# Simulating quantum circuits with Yao

Hi there! I’m new in the Julia ecosystems and my first project is trying to simulate a particular random circuit using Yao. My issue at the moment is basically the efficiency of code which seems to be quite slow. I would really appreciate any suggestion/advice on how to improve the code.

``````function circuit_layer(n::Int, β::Array{Float64, 1}, epsilon::Float64)
U = chain(n)
append!(U, chain(n, put(n, loc=>chain(rand(rng,randG)((2*rand())*epsilon*π))) for loc = 1:n))
for j = 1:n-1
append!(U, chain(n, subroutine(n, rot(ZZ, β[j]), (j, j+1))))
end
return U
end

function get_entropy_evolution(pmax::Int, spacing::Float64, n::Int, nA::Int, epsilon::Float64)
fp = trunc(log2(pmax))
times = union(trunc.([2^i for i in 1:spacing:fp]))
ψ = Yao.uniform_state(n)
result = zeros(length(times))
count = 0
for t in 1:pmax
β = (π*0.5)*(2.0*rand(n-1) .- 1.0)
ψ |> circuit_layer(n, β, epsilon)
if (t in times) == true
count = count + 1
result[count] = entropy(state(ψ), n, nA, 1)
end
end
result
end
``````

The code works as follows: 1.) Construct one layer of the circuit, that is captured by the function `circuit_layer`, 2.) Then “time evolve” the state and only compute entropy at certain points in time.

I know the function `svdvals` is costly but in principle, it shouldn’t be a problem for system sizes around N=20

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Hi @rmedinar do you mind provide a runnable script? your implementation gives

``````julia> circuit_layer(10, rand(9), 0.2)
ERROR: UndefVarError: rng not defined
Stacktrace:
[1] (::var"#1#2"{Int64, Float64})(loc::Int64)
@ Main ./none:0
[2] iterate
@ ./generator.jl:47 [inlined]
[3] isempty
@ ./essentials.jl:767 [inlined]
[4] chain
@ ~/.julia/packages/YaoBlocks/TIlDJ/src/composite/chain.jl:41 [inlined]
[5] circuit_layer(n::Int64, β::Vector{Float64}, epsilon::Float64)
@ Main ./REPL[2]:3
[6] top-level scope
@ REPL[4]:1
``````

and I’m not sure what is `randG`

Thanks @Roger-luo for the quick reply. I’m really sorry, this is the first time I ask a question like this one and I forgot to add the whole runnable script. Here it goes:

``````using MKL, Yao, Random, YaoPlots,  LinearAlgebra, Base.Threads

const SINGLE_GATES = [Rx, Ry, Rz]
@const_gate ZZ = mat(kron(Z,Z))
rng = MersenneTwister()
randG = Random.Sampler(rng, SINGLE_GATES)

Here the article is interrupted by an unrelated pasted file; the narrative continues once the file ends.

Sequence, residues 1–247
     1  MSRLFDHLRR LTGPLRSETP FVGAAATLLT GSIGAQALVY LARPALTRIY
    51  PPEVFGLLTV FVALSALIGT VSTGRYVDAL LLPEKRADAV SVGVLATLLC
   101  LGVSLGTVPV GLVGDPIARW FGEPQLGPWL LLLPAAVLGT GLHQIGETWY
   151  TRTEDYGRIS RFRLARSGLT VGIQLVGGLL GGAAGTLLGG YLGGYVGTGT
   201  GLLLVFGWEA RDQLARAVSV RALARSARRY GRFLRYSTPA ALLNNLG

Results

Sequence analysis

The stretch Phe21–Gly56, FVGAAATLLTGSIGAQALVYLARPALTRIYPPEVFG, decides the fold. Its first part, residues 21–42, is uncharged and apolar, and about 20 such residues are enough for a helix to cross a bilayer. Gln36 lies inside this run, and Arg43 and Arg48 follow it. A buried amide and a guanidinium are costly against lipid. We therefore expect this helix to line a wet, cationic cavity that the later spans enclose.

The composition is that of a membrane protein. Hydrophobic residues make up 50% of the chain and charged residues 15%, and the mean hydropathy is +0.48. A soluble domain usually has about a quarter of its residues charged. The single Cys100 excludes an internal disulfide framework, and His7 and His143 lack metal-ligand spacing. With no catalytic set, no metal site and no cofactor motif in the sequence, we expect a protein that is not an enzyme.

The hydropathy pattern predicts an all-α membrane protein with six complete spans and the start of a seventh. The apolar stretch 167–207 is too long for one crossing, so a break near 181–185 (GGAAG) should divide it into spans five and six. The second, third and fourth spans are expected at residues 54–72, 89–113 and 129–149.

function entropy(psi::Array, n::Int, nA::Int, nrenyi::Int)
state = svdvals(reshape(psi, (2^nA, 2^(n-nA)))) .^ 2
if nrenyi==1
return -sum( state.*log.(state) )
else
return 1.0/(1.0-nrenyi) * log( sum( state.^nrenyi))
end
end

function circuit_layer(n::Int, β::Array{Float64, 1}, epsilon::Float64)
U = chain(n)
append!(U, chain(n, put(n, loc=>chain(rand(rng,randG)((2*rand())*epsilon*π))) for loc = 1:n))
for j = 1:n-1
append!(U, chain(n, subroutine(n, rot(ZZ, β[j]), (j, j+1))))
end
return U
end

function get_entropy_evolution(pmax::Int, spacing::Float64, n::Int, nA::Int, epsilon::Float64)
fp = trunc(log2(pmax))
times = union(trunc.([2^i for i in 1:spacing:fp]))
ψ = Yao.uniform_state(n)
result = zeros(length(times))
count = 0
for t in 1:pmax
β = (π*0.5)*(2.0*rand(n-1) .- 1.0)
ψ |> circuit_layer(n, β, epsilon)
if (t in times) == true
count = count + 1
result[count] = entropy(state(ψ), n, nA, 1)
end
end
result
end

``````
``````julia> @time get_entropy_evolution(10, 0.1, 20, 2, 0.1);
5.816009 seconds (36.36 k allocations: 20.596 GiB, 8.29% gc time)
``````

If you change subroutine to `put`, it will be much faster

``````julia> function circuit_layer(n::Int, β::Array{Float64, 1}, epsilon::Float64)
U = chain(n)
append!(U, chain(n, put(n, loc=>chain(rand(rng,randG)((2*rand())*epsilon*π))) for loc = 1:n))
for j = 1:n-1
append!(U, chain(n, put(n, (j,j+1)=>rot(ZZ, β[j]))))
end
return U
end
``````
``````julia> @time get_entropy_evolution(10, 0.1, 20, 2, 0.1);
0.949597 seconds (21.34 k allocations: 129.222 MiB, 0.38% gc time)
``````

Subroutine is for computing a chunk of subprogram, it is not designed for applying a two qubit gate. This is why it is so slow.

Also, I think the time for computing SVD is comparable to computing the circuit. If you check the profile

``````@profile get_entropy_evolution(10, 0.1, 20, 2, 0.1)
``````

you will see computing the circuit is even more costly than computing svdvals. This is because the svd matrix has the same length as the state vector, while you applied a lot of gates.

3 Likes

Wow, thanks! I just checked and the improvement is quite noticeable. Sure, computing svd seems comparable to computing the circuit. In principle, I’m interested in reaching large circuit depth, i.e., pmax~ O(10^3) so I think that’s the bottle neck of the computation beyond the usual Hilbert space dimension.

1 Like